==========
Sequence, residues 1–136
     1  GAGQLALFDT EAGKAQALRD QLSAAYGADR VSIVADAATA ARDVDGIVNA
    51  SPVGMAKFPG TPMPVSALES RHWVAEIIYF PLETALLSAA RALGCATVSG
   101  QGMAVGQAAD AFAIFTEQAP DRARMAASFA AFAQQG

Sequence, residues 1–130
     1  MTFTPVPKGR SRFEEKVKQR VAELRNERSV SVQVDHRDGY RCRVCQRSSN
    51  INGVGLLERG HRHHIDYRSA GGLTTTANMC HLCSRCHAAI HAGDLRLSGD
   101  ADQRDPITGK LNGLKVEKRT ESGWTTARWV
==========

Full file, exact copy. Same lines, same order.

Sequence, residues 1–136
     1  GAGQLALFDT EAGKAQALRD QLSAAYGADR VSIVADAATA ARDVDGIVNA
    51  SPVGMAKFPG TPMPVSALES RHWVAEIIYF PLETALLSAA RALGCATVSG
   101  QGMAVGQAAD AFAIFTEQAP DRARMAASFA AFAQQG

Sequence, residues 1–130
     1  MTFTPVPKGR SRFEEKVKQR VAELRNERSV SVQVDHRDGY RCRVCQRSSN
    51  INGVGLLERG HRHHIDYRSA GGLTTTANMC HLCSRCHAAI HAGDLRLSGD
   101  ADQRDPITGK LNGLKVEKRT ESGWTTARWV